Course recommendation as a construct in student evaluations: will students recommend your course?

Research output: Contribution to journalArticleResearchpeer-review

Abstract

Recommendation is a highly credible and powerful construct in marketing. This article investigates the construct intention to recommend in the context of student evaluations of teaching. Motivated by changes in the sector, the study explores what factors drive course recommendation and their relationship with each other. A structural model is tested, using partial least squares on a sample of 113 students. The results show that both emotional (i.e. joy of learning) and cognitive (i.e. course value) factors influence intention to recommend. These two driving factors are more likely to occur if the course can bridge theory and real-world practice. The approach to understanding what drives course recommendation opens up new avenues of research. It proposes to expand the traditional model of student evaluations of teaching to one which includes course value in the context of a competitive education sector.

LanguageEnglish
Pages944-959
Number of pages16
JournalStudies in Higher Education
Volume43
Issue number6
DOIs
Publication statusPublished - 2018

Fingerprint

evaluation
student
Teaching
structural model
Values
marketing
learning
education

Keywords

  • competitive market
  • course value
  • higher education
  • recommendation
  • teaching evaluation

Cite this

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title = "Course recommendation as a construct in student evaluations: will students recommend your course?",
abstract = "Recommendation is a highly credible and powerful construct in marketing. This article investigates the construct intention to recommend in the context of student evaluations of teaching. Motivated by changes in the sector, the study explores what factors drive course recommendation and their relationship with each other. A structural model is tested, using partial least squares on a sample of 113 students. The results show that both emotional (i.e. joy of learning) and cognitive (i.e. course value) factors influence intention to recommend. These two driving factors are more likely to occur if the course can bridge theory and real-world practice. The approach to understanding what drives course recommendation opens up new avenues of research. It proposes to expand the traditional model of student evaluations of teaching to one which includes course value in the context of a competitive education sector.",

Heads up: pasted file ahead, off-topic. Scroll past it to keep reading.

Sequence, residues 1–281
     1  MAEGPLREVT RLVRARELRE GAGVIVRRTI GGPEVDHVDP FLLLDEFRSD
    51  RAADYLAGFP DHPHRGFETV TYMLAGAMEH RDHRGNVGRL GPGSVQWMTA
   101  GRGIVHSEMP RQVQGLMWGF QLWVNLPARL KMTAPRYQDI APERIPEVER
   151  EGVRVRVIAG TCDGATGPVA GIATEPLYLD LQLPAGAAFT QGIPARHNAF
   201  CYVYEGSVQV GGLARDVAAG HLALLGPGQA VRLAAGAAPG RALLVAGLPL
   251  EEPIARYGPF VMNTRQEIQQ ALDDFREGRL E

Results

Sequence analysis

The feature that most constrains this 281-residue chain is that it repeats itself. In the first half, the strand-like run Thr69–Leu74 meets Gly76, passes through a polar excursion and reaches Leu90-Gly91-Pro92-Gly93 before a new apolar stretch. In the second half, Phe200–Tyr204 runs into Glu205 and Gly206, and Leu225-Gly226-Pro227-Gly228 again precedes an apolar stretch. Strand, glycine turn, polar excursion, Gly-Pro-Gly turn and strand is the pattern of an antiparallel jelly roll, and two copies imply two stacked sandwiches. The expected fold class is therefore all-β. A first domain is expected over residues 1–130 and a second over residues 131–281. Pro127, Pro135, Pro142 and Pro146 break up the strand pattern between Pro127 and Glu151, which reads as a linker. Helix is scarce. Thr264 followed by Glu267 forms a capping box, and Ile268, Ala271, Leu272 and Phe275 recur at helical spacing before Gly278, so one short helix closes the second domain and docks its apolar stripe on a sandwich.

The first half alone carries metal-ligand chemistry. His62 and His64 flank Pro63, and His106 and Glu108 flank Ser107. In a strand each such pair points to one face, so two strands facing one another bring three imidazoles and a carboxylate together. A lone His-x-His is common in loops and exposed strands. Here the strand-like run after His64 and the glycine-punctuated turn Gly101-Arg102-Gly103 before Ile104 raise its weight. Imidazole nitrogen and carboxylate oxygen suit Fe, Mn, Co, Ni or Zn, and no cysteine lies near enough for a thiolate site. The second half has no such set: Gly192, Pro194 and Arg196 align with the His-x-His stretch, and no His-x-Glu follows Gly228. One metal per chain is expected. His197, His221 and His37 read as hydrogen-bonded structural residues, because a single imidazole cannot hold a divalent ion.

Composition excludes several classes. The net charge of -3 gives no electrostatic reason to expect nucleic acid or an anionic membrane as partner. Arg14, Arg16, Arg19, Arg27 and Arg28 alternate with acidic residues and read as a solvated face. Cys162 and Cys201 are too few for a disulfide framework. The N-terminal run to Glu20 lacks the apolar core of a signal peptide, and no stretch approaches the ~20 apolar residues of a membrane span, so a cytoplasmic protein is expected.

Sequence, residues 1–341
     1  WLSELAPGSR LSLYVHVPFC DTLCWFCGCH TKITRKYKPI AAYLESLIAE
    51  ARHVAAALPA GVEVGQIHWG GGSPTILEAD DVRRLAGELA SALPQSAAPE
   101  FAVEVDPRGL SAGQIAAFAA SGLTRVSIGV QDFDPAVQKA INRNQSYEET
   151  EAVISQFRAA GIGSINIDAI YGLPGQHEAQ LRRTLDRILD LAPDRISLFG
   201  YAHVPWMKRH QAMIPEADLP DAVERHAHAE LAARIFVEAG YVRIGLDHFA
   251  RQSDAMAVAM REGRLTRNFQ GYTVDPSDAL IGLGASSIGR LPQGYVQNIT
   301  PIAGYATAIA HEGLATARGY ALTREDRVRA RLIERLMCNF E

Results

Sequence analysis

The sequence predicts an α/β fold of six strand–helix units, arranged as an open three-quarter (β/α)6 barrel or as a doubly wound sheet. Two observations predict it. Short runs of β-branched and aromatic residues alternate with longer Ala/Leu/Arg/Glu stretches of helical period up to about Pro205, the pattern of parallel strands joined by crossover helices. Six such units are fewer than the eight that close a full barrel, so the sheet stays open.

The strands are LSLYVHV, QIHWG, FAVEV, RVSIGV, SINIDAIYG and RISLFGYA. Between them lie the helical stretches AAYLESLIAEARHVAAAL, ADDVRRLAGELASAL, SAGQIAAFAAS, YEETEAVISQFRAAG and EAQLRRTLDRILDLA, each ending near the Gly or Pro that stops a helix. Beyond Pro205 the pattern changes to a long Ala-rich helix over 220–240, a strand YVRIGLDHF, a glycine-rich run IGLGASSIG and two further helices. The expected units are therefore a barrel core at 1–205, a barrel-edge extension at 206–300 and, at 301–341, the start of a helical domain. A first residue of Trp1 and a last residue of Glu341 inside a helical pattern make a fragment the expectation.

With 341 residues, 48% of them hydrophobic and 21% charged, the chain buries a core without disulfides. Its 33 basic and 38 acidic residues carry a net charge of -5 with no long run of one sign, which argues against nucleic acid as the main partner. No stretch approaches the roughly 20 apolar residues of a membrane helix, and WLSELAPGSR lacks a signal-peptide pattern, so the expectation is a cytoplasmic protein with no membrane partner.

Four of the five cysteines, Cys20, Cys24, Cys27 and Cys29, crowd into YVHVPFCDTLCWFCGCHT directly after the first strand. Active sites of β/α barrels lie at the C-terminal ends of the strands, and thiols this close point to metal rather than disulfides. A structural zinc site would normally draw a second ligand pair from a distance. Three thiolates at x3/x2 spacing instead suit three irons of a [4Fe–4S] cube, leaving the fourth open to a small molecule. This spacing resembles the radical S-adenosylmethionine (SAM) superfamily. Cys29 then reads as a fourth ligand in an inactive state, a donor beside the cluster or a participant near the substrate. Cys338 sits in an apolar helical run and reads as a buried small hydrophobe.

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}

Course recommendation as a construct in student evaluations : will students recommend your course? / Ang, Lawrence; Breyer, Yvonne Alexandra; Pitt, Joseph.

In: Studies in Higher Education, Vol. 43, No. 6, 2018, p. 944-959.

Research output: Contribution to journalArticleResearchpeer-review

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